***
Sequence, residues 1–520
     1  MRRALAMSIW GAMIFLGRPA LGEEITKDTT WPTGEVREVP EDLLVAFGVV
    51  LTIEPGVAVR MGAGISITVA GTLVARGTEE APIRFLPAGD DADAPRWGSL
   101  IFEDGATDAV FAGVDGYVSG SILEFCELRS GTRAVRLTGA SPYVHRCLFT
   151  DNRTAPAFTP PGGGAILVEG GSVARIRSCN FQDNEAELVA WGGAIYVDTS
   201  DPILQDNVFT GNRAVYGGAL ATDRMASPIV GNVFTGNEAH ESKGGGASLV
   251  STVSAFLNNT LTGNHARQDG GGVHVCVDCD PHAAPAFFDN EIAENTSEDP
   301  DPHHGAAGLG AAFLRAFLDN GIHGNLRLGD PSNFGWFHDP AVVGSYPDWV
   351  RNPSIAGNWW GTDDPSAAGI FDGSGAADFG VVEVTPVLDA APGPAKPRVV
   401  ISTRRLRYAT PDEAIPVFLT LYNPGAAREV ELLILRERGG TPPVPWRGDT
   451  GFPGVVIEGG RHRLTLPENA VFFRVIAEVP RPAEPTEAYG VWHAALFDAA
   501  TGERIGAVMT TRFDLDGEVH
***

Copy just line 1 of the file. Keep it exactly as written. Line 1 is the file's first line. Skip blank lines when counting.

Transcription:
Sequence, residues 1–520